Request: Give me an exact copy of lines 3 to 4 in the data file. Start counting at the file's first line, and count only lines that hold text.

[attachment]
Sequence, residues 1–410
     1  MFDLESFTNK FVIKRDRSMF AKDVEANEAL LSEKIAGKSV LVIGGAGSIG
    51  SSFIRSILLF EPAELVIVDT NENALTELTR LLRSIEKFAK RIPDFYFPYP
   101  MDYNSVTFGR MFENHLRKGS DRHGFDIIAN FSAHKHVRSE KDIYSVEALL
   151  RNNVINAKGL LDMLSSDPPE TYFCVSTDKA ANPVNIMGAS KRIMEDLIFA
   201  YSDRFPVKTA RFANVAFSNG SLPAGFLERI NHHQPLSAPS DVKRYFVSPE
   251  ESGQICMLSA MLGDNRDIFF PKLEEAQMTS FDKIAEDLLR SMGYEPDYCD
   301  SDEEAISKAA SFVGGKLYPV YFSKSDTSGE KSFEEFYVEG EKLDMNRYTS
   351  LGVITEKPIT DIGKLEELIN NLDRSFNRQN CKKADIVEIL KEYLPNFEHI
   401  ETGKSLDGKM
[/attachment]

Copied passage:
    51  SSFIRSILLF EPAELVIVDT NENALTELTR LLRSIEKFAK RIPDFYFPYP
   101  MDYNSVTFGR MFENHLRKGS DRHGFDIIAN FSAHKHVRSE KDIYSVEALL